This Is What We Will Be Doing Next Week

by Hannah

comments by:

Heather I Mike

Lordy, lordy.  You said on the phone that you wanted
To be with someone unpatriotic for the Fourth, I can oblige,
Friend, I can oblige.  I've missed you, the chime of your voice
Preserved in thin British against the lack of maples in my upstate.
I'll be home, friend, I'll be home starting 9:47 Saturday night,
When the evening settles into the thin thrall I sensed growing up,
Knowing I should be out, I should be making a fuss, causing a ruckus,
But I sat in, holding my breath against the classical NPR,
Reading something which gave me an intellectual thrill,
Something self-stroked: Jane Eyre, or when I was feeling                       
Particularly trashy, Emma.  This is what we will be doing next week:
Walking along the algaed canal, watching wrappers float
In the sick, sweet green.  I am prepared to offer you
A dinner at the greek place up the road (I am always ready
For the expenditure.  Anything instead of paying the veterinary bill.)
This is what we will be doing next week:  remembering one real night
Where you and I and that other boy sat, potentialed, on a picnic table
In the mindless sweet green of the library grass, and didn't fuck up.
This is what I will be doing next week:  escaping the opera of falling,
The sickness of my sickness.  Just a few days, friend, just a few days.
This is what you will be doing next week:  displaying your scars,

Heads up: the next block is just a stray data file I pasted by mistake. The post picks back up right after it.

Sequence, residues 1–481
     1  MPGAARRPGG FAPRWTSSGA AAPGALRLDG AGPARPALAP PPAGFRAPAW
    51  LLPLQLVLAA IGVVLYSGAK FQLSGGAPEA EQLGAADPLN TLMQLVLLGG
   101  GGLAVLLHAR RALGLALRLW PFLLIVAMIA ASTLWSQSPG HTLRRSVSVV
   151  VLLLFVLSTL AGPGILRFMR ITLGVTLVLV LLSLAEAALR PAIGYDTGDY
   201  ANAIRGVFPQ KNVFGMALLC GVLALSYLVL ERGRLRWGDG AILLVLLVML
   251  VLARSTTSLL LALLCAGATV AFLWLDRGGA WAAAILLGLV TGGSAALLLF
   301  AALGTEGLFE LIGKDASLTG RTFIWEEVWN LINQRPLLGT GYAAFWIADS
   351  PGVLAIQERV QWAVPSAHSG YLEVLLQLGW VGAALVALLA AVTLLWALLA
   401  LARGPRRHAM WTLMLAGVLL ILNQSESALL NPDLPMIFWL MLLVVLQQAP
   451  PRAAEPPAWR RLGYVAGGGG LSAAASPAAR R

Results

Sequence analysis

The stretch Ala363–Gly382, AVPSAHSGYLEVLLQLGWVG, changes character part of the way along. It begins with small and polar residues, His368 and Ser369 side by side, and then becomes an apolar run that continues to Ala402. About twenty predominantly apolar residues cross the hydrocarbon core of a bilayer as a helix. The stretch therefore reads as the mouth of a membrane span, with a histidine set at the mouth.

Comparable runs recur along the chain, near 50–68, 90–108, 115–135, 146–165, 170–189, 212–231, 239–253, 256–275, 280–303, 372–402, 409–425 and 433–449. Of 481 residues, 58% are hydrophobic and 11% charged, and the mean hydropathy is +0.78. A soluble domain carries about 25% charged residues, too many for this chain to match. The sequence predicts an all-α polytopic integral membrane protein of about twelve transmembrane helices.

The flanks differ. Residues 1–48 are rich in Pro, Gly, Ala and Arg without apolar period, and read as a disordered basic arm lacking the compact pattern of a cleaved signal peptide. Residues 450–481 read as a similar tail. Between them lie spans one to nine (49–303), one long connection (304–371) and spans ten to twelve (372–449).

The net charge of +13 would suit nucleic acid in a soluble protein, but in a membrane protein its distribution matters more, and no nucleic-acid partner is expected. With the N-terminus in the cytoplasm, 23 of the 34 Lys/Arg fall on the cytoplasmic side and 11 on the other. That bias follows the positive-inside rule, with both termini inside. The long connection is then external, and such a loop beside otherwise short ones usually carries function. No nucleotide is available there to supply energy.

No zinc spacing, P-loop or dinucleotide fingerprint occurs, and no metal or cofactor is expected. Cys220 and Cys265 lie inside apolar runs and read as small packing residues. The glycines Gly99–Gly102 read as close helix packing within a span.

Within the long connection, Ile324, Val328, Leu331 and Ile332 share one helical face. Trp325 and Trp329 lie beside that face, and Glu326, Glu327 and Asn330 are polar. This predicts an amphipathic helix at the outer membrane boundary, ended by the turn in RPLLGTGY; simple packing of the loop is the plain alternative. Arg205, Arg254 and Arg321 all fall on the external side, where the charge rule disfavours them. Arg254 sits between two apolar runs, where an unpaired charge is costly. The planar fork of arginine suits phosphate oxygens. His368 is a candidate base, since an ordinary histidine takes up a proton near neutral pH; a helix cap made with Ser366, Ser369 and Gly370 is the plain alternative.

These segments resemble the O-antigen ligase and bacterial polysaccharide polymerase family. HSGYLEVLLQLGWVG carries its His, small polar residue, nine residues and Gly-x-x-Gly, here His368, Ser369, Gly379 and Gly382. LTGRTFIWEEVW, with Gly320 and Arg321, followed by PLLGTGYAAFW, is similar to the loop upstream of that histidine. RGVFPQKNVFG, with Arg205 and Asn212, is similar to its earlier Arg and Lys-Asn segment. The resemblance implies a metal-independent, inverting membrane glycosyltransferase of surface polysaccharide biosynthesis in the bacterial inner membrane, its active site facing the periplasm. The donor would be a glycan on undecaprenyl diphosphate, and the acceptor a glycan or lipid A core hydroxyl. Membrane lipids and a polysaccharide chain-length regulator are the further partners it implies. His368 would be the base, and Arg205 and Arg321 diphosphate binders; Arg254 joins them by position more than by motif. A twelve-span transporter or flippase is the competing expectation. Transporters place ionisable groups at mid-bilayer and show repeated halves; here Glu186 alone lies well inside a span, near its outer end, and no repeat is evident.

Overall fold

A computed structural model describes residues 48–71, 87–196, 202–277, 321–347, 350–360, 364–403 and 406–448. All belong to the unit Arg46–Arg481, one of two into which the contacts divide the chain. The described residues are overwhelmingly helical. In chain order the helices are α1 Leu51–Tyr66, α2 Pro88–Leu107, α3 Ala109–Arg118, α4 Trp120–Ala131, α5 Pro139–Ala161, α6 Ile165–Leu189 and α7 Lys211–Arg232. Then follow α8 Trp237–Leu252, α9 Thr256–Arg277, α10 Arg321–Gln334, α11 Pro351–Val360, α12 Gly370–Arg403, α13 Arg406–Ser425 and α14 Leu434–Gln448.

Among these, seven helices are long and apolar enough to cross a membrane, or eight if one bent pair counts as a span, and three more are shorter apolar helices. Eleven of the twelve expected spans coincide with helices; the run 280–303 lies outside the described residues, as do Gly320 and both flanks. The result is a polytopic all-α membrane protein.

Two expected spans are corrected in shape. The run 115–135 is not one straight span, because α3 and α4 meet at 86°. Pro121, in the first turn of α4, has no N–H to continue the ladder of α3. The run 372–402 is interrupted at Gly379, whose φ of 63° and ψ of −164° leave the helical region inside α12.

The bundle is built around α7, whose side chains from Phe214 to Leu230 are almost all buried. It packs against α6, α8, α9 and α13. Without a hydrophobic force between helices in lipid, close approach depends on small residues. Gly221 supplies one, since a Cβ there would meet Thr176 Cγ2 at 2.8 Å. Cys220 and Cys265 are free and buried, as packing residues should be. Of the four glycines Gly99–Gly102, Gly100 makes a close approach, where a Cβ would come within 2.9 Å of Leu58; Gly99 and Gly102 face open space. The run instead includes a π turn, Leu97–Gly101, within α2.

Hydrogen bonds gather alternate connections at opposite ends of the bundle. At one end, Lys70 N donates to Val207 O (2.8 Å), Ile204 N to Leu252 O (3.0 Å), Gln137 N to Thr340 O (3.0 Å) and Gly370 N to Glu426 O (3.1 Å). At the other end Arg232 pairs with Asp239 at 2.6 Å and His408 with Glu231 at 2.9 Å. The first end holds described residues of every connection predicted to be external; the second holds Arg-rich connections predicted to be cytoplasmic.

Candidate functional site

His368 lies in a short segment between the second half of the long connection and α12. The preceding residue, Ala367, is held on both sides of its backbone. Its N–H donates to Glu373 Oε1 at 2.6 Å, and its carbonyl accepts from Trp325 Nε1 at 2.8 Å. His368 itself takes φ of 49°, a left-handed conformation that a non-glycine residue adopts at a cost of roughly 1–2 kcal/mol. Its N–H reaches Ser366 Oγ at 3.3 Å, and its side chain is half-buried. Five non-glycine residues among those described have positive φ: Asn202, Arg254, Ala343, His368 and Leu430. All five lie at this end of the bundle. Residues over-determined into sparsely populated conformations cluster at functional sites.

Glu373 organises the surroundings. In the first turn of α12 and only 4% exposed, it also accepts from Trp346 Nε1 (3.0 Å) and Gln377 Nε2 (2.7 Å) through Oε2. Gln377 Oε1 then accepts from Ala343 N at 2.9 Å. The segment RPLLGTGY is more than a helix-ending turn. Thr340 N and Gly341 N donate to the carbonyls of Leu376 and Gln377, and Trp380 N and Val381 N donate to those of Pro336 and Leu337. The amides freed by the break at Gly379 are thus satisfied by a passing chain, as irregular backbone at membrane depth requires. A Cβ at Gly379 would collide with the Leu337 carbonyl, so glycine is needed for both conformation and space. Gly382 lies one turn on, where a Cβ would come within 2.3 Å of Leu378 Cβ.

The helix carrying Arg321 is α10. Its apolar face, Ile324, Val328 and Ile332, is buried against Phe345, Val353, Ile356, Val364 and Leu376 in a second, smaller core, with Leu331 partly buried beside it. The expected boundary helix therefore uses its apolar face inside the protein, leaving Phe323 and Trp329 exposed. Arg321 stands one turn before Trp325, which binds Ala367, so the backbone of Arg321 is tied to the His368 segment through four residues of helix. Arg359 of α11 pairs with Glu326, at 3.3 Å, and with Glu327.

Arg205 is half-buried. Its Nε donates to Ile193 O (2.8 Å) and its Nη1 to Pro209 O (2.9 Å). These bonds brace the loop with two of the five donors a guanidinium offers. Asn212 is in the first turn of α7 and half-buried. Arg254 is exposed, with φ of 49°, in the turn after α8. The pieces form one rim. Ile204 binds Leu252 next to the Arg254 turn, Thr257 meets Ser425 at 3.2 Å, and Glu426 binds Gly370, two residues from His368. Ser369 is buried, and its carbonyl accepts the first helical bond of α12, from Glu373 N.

The crust of healing, the potential of rip gone from the wounds.
Envy, friend, envy falls along the roadside as we inevitably wrinkle.
I am looking forward to the sun, the rungs of history, any flat future.        

Accourding to Heather Starr:

From: (Heather Starr)
Date: Fri, 2 Jul 1999 13:54:27 -0400 (EDT)

Wow, Hannah, really enjoyed reading this.

Enjoyed the questioning of -How To Be- on the Fourth of July, and love the
line "Where you and I and that other boy sat, potentialed, on a picnic

At the end it feels like there's so much more you're on the tip of getting
into.  "Envy, friend, envy" and I wonder about all that you might be
alluding to.

Thanks for sharing it.   

Accourding to Mike Magee:

From: (Michael Magee)
Date: Mon, 5 Jul 1999 14:47:03 -0400 (EDT)

Hannah, in this poem, and in the one you sent previously, your ear for
lavishly piled phrases is enticing - I like the density, the music.
There's a few places I get caught up which I thought I'd mention for what
they're worth (and, while I'm at it: though I liked the1st poem generally,
the use of "friend" came off as a bit mannered to me and, in any event, I
wouldn't use quite so many.)  So: while I'm not generally bothered by
pathetic fallacies - which I think can be useful, interesting, funny, etc,
"the blue sky laughed..." seems to too-unconsciously ascribe that action
to the sky without any sense of detail: this is one of those cases when
a modernist skepticism like Pound's can be pretty useful, and one can hear
Pound saying, HOW did the sky laugh? DOES the sky LAUGH? On another front,    
I wonder about the symbolism involved in "ancient dark wetness" and "slave
colonies of protozoa" - is the speaker involving her/himself in a kind of
primitivism here?  If so, to what end and at what cost?  Those would be
things that would concern me if it was my poem.  Once you have "slave
colonies," even as metaphor (or, *especially* as metaphor) you have a
whole political subtext that needs addressin'.  The line

"(All is dropped before thought passes the dura-mater.)"

seems potentially very interesting in this regard.  Can we take it as the
speaker disavowing the metaphor-making which has taken place previously?
I like that possibility and might try to somehow get further into its
fabric.  I'm also struck by the halting use of colons which works very
nicely and might be integrated more specifically in terms of this issue
of politics/metaphor, personal-description/symbolic-responsibility, that
type of thing.  Anyway, hope this makes a smidgeon of sense.  Liked the
poems.      -m.